If there’s one thing Metal Twitter™®© is good for, it’s manufacturing non-controversies within the scene. The latest of these flare-ups occurred when Philly-based death metallers Pissgrave unveiled the cover art for their new album Posthumous Humiliation, set to be released March 1st via Profound Lore.
With the dawn of the THKD YouTube channel, I decided to do something a little different this year. I’ve split my year end top 20 metal albums list in two; half of them can be found below, the other half on YouTube. So, once you’re done reading this list, head on over to THKD TV and check out the rest of the list… if you don’t mind watching a semi-drunken nerd rant and rave about heavy metal for thirty minutes. But enough of my rambling; as I’ve been saying for almost a decade now, long-winded intros are bullshit. Let’s get on with it.
Has it really only been a month and a half since I last posted one of these? That’s got to be a new record. Whatever the case, we’ve got a lot of crucial slamz and mandatory brutality to cover this time around, from the nearby Bay Area all the way to the Land Down Under, so without further ado, let’s dig in…
Where has this album been all my life? It isn’t every day that you find a record that seems to have been tailor made to satisfy your personal listening palette, but on Future Cult, St. Louis-based trio The Lion’s Daughter have managed to successfully combine a few of my most favorite things, namely pulverizing extreme metal and creepy, John Carpenter-esque synthesizers. I’m not quite sure yet if it’s as delightful a combination as chocolate and peanut butter, but they’re definitely two great tastes that taste great together.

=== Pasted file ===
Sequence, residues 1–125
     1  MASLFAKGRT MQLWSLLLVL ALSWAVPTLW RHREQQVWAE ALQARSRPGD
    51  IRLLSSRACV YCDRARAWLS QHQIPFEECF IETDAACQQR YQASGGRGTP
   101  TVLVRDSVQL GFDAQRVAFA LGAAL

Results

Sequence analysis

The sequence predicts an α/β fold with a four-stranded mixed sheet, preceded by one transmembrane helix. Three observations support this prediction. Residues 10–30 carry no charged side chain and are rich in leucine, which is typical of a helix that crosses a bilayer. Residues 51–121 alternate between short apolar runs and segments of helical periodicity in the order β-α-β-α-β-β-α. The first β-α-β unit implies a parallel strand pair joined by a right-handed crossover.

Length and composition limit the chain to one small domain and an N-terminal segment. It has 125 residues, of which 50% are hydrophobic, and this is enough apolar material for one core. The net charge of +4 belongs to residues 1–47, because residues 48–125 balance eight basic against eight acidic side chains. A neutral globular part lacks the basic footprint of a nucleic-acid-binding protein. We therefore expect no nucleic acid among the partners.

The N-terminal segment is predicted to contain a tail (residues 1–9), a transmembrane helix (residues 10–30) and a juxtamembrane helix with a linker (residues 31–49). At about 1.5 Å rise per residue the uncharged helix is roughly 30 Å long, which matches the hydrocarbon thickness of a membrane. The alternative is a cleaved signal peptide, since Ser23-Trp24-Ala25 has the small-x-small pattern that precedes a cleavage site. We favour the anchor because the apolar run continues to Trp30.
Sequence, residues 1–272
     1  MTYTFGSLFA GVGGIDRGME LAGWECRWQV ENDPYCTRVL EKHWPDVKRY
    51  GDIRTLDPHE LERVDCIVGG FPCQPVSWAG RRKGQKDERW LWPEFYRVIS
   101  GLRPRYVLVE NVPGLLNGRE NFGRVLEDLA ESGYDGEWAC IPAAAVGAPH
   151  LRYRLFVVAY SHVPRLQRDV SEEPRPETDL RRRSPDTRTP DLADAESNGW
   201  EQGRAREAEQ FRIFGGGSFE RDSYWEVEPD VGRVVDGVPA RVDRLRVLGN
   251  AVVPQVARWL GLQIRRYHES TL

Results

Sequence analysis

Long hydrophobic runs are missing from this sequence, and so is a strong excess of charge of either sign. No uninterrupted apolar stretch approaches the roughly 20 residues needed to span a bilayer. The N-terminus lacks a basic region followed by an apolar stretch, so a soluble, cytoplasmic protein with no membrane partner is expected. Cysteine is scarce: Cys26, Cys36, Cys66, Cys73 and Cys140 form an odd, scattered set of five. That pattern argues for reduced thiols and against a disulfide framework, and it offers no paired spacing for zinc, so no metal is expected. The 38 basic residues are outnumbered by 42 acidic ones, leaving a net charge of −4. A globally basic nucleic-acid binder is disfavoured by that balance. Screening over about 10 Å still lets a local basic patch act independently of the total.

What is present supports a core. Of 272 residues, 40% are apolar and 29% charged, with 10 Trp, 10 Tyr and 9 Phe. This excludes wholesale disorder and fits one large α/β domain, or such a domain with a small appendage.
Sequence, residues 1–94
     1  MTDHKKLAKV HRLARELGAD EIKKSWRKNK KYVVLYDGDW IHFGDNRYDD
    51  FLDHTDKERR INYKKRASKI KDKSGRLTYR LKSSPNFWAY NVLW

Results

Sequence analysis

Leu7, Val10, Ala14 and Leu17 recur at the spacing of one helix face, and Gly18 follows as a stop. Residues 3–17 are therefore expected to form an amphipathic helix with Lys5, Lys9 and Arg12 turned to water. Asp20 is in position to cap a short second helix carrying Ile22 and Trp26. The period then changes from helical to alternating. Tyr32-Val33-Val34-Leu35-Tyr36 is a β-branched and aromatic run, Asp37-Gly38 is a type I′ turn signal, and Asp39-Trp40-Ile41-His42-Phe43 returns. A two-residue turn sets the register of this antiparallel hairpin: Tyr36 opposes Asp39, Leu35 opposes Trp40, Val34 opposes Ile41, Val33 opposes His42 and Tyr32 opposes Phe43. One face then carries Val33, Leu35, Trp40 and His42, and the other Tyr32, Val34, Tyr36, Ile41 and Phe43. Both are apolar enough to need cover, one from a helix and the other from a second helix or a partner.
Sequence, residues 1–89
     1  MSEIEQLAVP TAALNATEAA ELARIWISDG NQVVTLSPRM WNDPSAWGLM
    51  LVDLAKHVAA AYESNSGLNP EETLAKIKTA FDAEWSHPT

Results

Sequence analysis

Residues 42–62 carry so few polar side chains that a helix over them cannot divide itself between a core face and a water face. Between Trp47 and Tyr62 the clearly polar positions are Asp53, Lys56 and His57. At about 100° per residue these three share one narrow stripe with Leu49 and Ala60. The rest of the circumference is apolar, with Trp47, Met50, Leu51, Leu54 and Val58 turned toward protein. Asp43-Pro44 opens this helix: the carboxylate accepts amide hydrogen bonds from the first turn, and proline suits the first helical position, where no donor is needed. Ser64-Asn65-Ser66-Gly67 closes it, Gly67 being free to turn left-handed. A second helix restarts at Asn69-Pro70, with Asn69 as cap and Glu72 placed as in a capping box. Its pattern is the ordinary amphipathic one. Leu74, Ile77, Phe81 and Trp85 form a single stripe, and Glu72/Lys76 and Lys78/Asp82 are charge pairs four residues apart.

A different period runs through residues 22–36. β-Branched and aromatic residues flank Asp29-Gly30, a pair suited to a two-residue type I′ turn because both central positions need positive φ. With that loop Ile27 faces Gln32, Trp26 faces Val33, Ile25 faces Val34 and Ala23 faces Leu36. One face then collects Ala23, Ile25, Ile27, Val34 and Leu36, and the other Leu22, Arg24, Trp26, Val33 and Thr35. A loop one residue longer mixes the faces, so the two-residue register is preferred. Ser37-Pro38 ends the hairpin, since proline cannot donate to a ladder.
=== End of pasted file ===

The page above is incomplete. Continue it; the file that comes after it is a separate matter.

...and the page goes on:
It seems that not enough people are talking about Green Druid, but they damn well oughta be, because the quartet has released what should rightfully be considered as one of the stickiest of the icky doom metal releases of 2018 in the form of Ashen Blood, out now on Earache Records.
My wife recently surprised me with tickets to the Smashing Pumpkins reunion tour, and as such I’ve naturally been compelled to revisit their catalog. For the longest time I’ve proclaimed that the band’s 1993 breakthrough Siamese Dream was my favorite Pumpkins album, but right now I’m thinking it might actually be Mellon Collie and the Infinite Sadness.
I wasn’t terribly familiar with Harm’s Way prior to getting the promo for Posthuman, but I was somewhat aware of the buzz their previous album Rust had garnered, so I decided to give them a try. I was pleasantly surprised to find that Posthuman is a burly-as-fuck collection of non-stop mosh riffs mixed with electronic elements that wouldn’t be out of place on a late-nineties Godflesh record. It’s an odd combination to be sure, but I’ll be damned if Harm’s Way doesn’t make it work.